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Speak at length about trivial matters:‘she'd been wittering on about Jennifer and her illness’
prattle, babble, chatter, prate, gabble, jabber, go on, run on, rattle away, rattle on, yap, jibber-jabber, patter, blather, blether, blither, maunder, ramble, drivelyak, yackety-yak, yabber, yatterrabbit, chunter, natter, waffleslabbermagtwaddle, clack, twattleView synonyms
- ‘Why don't we spend hours dissecting our relationship, going into personal details and pointlessly wittering on, like I do with my girlfriends?’
- ‘It gets really annoying at presentation ceremonies when some old duffer keeps wittering on, doesn't it?’
- ‘He can, according to those who know him, witter on about pretty much anything, and at ear-numbing length.’
- ‘Besides, they've got this universal broad appeal, whereas all I'm doing is wittering on about obscure pop music.’
- ‘Meanwhile, his friend Noel Fielding, who can get surreal without the help of wheat beer, won't stop wittering about shamans and mermen and people made of biscuits.’
- ‘Married to a woman who spends most of their long-distance calls wittering on about what colour carpet to get for his study, Bob is adrift in a sea of loneliness and isolation.’
- ‘‘I get a bit fed up of people wittering on about their children,’ he says eventually.’
- ‘When I interrupt, as I'd been told I must, more often than not he'd briefly deal with whatever I was wittering on about and then plunge straight back into his own train of thought.’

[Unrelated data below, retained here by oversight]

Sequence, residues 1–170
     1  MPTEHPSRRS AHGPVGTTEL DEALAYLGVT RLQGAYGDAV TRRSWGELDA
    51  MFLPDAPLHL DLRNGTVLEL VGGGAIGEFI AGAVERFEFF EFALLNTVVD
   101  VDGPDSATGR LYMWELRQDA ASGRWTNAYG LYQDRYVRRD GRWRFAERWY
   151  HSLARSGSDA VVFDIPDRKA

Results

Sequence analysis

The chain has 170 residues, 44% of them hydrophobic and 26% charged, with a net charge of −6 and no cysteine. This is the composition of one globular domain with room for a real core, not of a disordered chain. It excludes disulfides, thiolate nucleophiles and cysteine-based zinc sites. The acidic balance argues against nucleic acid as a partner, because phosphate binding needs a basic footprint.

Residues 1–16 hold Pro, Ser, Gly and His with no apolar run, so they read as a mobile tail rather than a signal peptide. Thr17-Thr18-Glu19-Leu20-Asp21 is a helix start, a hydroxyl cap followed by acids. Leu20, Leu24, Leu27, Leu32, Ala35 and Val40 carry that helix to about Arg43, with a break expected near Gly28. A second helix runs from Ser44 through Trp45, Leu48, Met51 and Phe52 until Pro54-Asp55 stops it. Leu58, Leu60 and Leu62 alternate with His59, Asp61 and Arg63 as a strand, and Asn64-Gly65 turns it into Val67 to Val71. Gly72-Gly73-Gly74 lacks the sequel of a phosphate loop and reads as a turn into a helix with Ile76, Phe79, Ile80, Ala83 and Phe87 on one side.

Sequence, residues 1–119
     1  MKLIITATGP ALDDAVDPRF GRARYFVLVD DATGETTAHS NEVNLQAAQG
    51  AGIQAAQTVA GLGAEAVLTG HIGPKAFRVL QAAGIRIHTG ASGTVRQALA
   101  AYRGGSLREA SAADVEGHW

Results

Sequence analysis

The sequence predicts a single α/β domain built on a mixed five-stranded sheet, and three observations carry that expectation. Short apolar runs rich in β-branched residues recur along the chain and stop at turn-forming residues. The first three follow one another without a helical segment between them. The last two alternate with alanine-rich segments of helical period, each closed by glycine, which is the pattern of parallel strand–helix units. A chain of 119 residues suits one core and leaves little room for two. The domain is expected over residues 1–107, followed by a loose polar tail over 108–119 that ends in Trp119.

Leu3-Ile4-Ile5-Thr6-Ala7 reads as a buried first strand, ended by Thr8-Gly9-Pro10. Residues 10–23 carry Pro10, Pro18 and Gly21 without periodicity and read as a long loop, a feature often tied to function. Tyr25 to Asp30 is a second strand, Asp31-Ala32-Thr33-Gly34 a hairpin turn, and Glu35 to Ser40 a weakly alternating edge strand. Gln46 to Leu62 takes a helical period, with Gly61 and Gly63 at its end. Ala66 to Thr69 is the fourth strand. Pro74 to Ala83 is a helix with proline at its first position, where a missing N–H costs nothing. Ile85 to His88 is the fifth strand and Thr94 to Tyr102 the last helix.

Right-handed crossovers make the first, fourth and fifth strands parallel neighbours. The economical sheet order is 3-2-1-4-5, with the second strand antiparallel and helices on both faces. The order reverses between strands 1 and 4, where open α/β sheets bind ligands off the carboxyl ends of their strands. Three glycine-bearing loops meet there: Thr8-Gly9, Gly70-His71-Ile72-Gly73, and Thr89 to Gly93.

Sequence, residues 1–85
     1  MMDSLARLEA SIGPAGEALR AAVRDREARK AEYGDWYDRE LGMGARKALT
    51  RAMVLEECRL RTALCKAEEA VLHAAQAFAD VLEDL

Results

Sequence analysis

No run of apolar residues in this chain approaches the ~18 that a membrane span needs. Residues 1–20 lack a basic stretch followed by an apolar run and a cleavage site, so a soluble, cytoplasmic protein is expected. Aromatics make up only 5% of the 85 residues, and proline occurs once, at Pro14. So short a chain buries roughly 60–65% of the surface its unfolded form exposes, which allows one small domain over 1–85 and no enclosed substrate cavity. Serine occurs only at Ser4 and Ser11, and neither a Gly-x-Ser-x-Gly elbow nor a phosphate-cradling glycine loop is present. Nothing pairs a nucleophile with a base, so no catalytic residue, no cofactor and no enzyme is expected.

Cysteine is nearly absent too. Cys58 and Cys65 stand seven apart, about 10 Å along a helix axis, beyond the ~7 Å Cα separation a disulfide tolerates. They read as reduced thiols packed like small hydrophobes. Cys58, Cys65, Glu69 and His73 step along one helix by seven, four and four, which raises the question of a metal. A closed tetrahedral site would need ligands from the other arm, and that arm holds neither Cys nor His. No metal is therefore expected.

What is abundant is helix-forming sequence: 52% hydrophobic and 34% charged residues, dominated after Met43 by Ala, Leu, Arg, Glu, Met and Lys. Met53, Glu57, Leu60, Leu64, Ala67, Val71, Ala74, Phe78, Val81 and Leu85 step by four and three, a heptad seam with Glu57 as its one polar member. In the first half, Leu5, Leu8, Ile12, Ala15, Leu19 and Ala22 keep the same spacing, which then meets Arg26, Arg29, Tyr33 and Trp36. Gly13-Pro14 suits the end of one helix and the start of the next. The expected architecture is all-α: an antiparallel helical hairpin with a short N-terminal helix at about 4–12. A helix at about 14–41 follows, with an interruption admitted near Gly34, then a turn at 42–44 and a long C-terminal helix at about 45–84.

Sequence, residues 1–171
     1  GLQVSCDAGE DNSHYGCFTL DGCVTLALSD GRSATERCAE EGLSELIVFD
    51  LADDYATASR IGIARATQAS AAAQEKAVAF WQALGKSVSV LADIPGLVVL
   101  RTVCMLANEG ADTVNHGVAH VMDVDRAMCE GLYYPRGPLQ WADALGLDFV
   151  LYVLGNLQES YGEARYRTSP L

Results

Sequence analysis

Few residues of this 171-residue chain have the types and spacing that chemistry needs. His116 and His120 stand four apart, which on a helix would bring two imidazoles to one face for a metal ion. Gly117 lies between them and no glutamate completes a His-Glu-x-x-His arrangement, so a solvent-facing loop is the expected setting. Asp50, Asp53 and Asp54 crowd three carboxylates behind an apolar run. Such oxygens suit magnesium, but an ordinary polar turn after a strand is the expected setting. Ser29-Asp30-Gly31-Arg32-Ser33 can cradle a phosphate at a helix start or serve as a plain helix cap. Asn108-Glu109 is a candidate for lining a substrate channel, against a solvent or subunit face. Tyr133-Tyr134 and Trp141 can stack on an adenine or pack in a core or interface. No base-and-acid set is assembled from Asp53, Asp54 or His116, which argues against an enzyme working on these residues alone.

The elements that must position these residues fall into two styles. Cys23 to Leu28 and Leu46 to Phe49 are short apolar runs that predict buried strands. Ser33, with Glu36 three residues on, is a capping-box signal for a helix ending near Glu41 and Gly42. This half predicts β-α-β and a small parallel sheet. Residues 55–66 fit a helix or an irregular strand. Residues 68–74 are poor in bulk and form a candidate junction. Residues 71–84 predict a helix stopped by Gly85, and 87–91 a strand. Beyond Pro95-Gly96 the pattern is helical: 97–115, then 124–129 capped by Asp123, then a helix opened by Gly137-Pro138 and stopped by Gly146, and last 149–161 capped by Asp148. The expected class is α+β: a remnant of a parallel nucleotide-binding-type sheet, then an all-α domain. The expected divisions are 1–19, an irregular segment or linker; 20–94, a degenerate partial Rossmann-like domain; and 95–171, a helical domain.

- ‘Of course, after wittering on about how great going home via Cannon Street just after the rush hour is, what did I do tonight?’
- ‘The paper asks him if he's taking hard drugs and - after wittering on for a long time - he points out that he's not taking heroin there and then.’
- ‘The Mail has been wittering about a 'lack of proof’ for months.’
- ‘It witters on unconvincingly that having next of kin makes the decision less sovereign to the individual involved.’
- ‘He witters on in a comedy falsetto about lutes, but doesn't seem to find what he's looking for up in the hills.’
- ‘Anyway, wittering aside, it's time to go to bed now.’
- ‘Nevertheless, La Girnie witters: ‘I'm amazed that there haven't been complaints from the militant feministas and their sisters that the sculpture fails to include a female.’’
- ‘Instead of lauding the likes of Mr Van Buitenen and Ms Andresen, he attacks them; instead of rooting out fraud, he witters on about non-existent success.’
- ‘Daughter #2 is still wittering on about a wedding but hasn't set a date.’
- ‘Unfortunately, as a child, I was not given the opportunity to learn and as I have recently retired and have a little spare time on my hands, I thought it time to stop wittering on about it and bite the bullet.’
- ‘Please don't start wittering on about how Princes Street is a World Heritage Site with 90 historic listed buildings nestling between two conservation areas.’
- ‘I entered a hazy phase where I was ‘holding court’ a little using the continuous, free-association form of discourse that my wife unkindly refers to as wittering.’
Early 19th century (originally Scots and dialect): probably imitative.
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